OSU virtual Commencement has effects on local businesses

Simon Date, the CEO and President of the Corvallis Chamber of Commerce outside the Chamber of Commerce building in Corvallis, Ore. Because the 2021 Commencement ceremony will be held virtually, many local businesses are expecting lower revenue than usual during the weekend it is held.

Angela Tam, News Contributor

With Oregon State University’s Commencement being held with virtual and in-person counterparts, the usual traffic that Corvallis, Ore. receives from students’ families and friends in an entirely in-person ceremony will be significantly lowered.

Executive Director of Visit Corvallis Christina Rehklau said via email that any OSU major event such as Commencement week, a football game or family weekend typically generates millions of dollars for the community.

“At Visit Corvallis, we conservatively estimate that Commencement week generates over $2 million dollars of economic impact for the community,” Rehklau said.

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Rehklau said many businesses, such as lodging, restaurants and retailers have also had a generally difficult year due to health restrictions on capacity indoors with COVID-19.

Two lodging properties closed down in March of 2020 and remained closed until August.

Furthermore, at the start of the pandemic, fewer OSU students in town led to more difficulties on top of restrictions and changing health guidelines.

“It’s hard for a restaurant to purchase food, bring staff back on within 48 hours or use up extra food that was purchased if they need to go to a lower capacity without wasting it,” Rehklau said.

Heidi Lewis, creative operations director of human resources for both Sky High Brewing and American Dream Pizza, provides an insider perspective on restaurant success and downfalls during the pandemic. She has been employed by both companies for three years as the HR director, but worked previously as a consultant with both companies since 2012.

Last year, in-person Commencement was also canceled due to the COVID-19 pandemic, and Lewis said that business was down during that time, estimated at 50% of what it normally had been outside of the pandemic.

Due to COVID-19 restrictions, Lewis said that both restaurants—like others—are only allowed to seat up to 50% capacity, due to Corvallis’ low-risk categorization. As such, the restaurants do not plan on doing any special outreach for the Commencement week as they will likely be at their capacity during the week.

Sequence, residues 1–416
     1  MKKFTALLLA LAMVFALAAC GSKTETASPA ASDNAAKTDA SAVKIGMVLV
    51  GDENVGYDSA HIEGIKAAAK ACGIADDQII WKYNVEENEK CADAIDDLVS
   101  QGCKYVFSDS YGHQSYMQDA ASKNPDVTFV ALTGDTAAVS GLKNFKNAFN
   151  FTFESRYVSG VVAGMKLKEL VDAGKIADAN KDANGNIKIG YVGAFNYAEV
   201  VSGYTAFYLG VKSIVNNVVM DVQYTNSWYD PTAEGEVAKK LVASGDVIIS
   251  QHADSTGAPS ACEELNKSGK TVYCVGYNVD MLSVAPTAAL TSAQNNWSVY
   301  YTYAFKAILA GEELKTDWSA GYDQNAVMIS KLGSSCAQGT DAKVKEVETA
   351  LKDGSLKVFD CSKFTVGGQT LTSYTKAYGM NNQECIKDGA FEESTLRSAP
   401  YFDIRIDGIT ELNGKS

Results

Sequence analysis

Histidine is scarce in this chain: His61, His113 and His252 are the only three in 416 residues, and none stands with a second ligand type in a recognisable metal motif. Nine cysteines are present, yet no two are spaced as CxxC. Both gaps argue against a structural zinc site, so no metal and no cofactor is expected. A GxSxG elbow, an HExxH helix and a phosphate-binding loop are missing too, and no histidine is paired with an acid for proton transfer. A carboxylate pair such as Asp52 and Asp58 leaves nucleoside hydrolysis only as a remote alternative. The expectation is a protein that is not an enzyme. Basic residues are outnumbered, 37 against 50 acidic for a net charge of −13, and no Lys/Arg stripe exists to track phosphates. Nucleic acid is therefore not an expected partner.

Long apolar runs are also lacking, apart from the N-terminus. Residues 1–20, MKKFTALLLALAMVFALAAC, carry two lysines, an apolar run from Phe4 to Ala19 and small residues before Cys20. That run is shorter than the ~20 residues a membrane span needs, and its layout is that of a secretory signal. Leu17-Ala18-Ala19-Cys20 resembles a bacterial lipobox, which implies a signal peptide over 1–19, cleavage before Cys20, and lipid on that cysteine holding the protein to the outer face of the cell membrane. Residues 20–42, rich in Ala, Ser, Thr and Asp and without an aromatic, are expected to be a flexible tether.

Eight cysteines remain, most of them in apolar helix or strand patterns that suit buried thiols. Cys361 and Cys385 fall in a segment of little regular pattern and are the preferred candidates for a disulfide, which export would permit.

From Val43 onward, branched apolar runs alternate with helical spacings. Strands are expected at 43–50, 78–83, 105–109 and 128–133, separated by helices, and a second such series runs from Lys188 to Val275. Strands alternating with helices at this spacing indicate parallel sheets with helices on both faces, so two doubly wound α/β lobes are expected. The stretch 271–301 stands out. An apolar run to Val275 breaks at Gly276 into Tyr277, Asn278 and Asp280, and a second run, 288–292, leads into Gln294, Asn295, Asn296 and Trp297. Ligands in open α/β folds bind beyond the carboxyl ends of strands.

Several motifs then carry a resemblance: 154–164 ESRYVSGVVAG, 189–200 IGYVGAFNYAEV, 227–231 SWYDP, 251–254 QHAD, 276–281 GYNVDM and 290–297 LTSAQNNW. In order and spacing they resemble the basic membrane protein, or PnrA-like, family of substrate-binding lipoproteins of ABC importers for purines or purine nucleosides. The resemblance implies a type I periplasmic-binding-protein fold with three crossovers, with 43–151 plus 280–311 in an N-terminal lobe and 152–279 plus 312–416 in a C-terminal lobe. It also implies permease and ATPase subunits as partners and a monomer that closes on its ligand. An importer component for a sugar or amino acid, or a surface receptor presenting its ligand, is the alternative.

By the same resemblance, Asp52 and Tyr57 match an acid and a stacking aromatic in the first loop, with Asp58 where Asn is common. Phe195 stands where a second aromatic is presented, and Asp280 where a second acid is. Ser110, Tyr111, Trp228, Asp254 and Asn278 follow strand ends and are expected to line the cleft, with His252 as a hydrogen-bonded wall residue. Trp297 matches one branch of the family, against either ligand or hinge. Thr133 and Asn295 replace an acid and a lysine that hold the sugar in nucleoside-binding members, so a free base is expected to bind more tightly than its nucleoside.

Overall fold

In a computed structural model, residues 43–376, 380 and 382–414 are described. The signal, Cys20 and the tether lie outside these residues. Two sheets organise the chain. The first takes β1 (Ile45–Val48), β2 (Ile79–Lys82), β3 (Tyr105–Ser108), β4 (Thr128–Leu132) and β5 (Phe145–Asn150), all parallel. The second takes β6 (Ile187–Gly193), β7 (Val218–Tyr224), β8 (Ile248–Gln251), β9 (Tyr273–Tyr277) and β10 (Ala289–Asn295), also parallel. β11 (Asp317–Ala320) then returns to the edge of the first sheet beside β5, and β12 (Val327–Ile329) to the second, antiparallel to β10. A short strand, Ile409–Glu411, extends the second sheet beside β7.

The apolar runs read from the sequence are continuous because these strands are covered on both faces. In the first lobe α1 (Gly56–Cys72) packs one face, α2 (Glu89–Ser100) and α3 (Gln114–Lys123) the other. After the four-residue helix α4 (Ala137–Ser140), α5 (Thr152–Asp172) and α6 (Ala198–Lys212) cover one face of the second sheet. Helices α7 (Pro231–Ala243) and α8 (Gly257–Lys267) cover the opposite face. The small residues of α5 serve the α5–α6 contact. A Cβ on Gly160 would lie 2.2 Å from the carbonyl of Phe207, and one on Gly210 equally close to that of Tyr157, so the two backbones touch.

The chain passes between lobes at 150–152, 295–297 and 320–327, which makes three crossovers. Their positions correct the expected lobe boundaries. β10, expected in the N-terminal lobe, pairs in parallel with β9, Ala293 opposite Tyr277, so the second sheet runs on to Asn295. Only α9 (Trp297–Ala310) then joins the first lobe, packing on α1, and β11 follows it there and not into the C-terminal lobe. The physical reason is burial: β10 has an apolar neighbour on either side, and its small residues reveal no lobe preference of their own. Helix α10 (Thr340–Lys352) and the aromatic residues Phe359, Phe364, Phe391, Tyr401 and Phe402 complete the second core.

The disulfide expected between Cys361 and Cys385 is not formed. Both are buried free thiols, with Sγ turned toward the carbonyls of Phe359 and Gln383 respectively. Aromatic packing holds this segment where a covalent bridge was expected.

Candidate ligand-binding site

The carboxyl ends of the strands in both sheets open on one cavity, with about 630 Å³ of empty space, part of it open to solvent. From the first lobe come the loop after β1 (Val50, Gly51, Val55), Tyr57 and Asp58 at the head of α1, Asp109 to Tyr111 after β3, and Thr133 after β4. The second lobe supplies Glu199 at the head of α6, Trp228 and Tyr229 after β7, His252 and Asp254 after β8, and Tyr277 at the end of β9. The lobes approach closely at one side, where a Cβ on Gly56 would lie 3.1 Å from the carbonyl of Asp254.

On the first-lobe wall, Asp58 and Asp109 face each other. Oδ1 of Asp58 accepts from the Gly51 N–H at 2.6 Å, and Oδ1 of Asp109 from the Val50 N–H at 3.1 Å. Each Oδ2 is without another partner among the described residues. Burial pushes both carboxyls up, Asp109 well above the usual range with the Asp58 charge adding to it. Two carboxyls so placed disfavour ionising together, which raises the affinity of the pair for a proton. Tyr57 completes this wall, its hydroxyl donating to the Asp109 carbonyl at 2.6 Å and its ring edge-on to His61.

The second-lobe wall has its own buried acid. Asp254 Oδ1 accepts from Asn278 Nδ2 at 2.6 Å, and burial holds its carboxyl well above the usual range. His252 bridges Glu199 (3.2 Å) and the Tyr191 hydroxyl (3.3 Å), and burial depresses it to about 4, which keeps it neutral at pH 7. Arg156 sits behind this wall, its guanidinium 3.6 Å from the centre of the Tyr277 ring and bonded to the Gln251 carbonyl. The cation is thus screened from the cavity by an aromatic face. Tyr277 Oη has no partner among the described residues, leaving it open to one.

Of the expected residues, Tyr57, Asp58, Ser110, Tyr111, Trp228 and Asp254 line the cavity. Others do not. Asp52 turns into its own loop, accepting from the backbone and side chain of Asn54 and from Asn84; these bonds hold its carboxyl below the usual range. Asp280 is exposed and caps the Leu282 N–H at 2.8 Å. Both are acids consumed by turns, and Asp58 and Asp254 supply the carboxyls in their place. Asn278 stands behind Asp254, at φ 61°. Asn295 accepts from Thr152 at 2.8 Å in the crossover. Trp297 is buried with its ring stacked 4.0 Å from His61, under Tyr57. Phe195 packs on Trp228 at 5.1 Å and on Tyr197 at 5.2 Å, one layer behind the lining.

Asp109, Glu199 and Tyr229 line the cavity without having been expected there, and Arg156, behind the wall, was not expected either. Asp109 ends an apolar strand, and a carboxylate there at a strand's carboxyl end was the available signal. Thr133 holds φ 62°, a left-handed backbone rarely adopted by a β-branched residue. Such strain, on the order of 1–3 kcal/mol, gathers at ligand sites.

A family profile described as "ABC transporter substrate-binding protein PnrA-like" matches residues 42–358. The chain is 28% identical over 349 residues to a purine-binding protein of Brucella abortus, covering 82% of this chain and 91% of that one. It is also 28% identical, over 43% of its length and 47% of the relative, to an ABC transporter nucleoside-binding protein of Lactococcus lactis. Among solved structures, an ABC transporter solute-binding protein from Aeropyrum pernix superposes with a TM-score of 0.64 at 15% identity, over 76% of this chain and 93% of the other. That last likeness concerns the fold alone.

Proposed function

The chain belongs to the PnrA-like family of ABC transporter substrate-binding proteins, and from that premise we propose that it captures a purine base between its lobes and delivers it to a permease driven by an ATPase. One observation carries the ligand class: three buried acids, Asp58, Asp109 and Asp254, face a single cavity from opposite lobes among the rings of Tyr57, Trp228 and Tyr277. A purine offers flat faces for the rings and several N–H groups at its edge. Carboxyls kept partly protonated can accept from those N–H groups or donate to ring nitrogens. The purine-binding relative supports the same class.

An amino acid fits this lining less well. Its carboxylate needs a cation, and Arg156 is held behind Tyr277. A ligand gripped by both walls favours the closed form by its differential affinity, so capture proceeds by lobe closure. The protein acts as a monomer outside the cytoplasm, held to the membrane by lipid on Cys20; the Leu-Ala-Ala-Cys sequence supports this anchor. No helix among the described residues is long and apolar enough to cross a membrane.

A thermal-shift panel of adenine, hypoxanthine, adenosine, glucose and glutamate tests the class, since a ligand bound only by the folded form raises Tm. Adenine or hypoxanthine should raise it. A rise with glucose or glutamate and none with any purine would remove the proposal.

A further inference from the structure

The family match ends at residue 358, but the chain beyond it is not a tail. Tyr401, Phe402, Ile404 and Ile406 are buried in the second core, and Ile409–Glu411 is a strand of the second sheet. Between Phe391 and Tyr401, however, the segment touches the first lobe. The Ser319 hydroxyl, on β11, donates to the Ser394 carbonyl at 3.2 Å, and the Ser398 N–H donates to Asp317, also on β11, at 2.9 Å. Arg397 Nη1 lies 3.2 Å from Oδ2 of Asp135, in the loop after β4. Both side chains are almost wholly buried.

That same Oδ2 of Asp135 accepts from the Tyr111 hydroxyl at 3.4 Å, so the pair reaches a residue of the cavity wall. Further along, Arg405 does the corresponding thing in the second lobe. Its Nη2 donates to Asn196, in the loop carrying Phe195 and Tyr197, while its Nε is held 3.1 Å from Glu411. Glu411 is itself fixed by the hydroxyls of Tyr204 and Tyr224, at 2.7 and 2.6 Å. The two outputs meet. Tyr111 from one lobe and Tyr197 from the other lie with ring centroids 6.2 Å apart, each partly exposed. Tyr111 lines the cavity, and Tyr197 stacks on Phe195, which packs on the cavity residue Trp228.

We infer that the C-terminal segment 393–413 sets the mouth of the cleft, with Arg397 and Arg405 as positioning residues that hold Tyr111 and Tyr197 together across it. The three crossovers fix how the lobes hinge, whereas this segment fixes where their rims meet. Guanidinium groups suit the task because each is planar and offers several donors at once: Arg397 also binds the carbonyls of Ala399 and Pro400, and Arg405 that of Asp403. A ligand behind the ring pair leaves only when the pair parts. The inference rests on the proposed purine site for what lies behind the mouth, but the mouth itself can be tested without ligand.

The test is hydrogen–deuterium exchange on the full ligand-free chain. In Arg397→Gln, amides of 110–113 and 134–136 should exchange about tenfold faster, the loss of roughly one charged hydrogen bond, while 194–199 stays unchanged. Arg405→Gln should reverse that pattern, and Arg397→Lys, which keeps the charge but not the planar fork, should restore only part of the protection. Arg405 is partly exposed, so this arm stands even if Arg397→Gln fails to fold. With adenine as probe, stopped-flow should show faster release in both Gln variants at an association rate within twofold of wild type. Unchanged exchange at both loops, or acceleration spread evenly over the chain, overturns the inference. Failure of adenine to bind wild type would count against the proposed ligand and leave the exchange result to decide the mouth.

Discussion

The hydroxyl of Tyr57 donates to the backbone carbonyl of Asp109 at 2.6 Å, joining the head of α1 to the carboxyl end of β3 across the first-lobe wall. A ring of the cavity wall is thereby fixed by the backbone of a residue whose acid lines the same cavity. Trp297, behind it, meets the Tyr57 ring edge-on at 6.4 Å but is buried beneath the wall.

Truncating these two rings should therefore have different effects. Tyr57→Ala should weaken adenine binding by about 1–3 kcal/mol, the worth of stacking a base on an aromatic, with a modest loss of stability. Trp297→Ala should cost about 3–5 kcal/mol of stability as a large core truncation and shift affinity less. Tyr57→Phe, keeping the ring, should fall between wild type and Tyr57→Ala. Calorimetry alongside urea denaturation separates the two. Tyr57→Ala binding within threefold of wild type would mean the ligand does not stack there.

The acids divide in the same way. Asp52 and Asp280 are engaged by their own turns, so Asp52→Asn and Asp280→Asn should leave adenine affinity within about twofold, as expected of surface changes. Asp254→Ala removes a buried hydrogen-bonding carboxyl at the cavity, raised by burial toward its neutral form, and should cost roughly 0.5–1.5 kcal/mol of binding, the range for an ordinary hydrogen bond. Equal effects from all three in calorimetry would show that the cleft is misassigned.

“It’s a balance act,” Lewis said. “We don’t want to over-promote and then have guests be disappointed by having to wait too long to get in.”

Simon Date, president of the Corvallis Chamber of Commerce said that in a typical year outside of COVID-19, Commencement week would increase traffic by a couple thousand families. But due to current circumstanc- es, he said it is difficult to gauge how many families will come into Corvallis this year.

However, the community has also been supportive of small local businesses dur- ing this time. For instance, the Corvallis Sustainability Coalition ran the “It’s On Us Corvallis” program that raised over $200,000 for restaurants to provide free meals throughout the pandemic.

“We are starting to see less of [these programs] now,” said Date. “But they are still very much available.”

Rehklau said the outdoor dining program that was spearheaded by the Corvallis Benton County Economic Development Office, Downtown Corvallis Association and Corvallis Chamber of Commerce has been a huge help to local restaurants.

Gyms have also been able to make use of parking spaces in the downtown area for workouts.

Regional Economist Patrick O’Connor said via email that loans from the Paycheck Protection Program have been the most visible resource to assist small companies, but that program is intended for businesses more generally impacted by COVID-19, rather than seasonal drops.

Overall, Benton County typically shows some slight job loss during the summer in leisure and hospitality, typically around 150 jobs, according to O’Connor.

“This has been such an unusual year, in particular with students at OSU, it is tough to say if we will see the normal seasonal employment declines during the summer for Benton County,” O’Connor said.

After Commencement week, Rehklau said that the summer vacation months mean long and slow recovery for the local economy.

For instance, in July, OSU had several large in-person conferences scheduled, and not being able to have in-person conferences this summer will greatly impact the local lodging industry.

On May 11, Governor Kate Brown stated that when 70% of eligible Oregonians receive the vaccine, she will lift most COVID-19 restrictions on businesses.

As of June 5, 46.6% of the Oregon population has received one dose of the vaccine and 46.6% of the population is fully vaccinated. It’s not certain when Oregon will reach the 70% requirement.

Still, Rehklau said Visit Corvallis is pleased to see the possibility of these new guidelines and what they can mean for the local economy working its way back to stability.

“We are very proud that our community leads the state in the percentage of the population vaccinated,” Rehklau said. “We are hopeful Benton County will be given the green light by the Governor to start easing restrictions and that will be a big boost for the local businesses.”

In regards to Commencement week being held virtually, Date said he is not overly worried about its effects on local businesses.

“It’s not positive business all the time, but it is business as usual,” Date said. “I don’t think having Commencement virtually this particular year is going to have a significant effect, just because we’re not expecting a lot of folks.”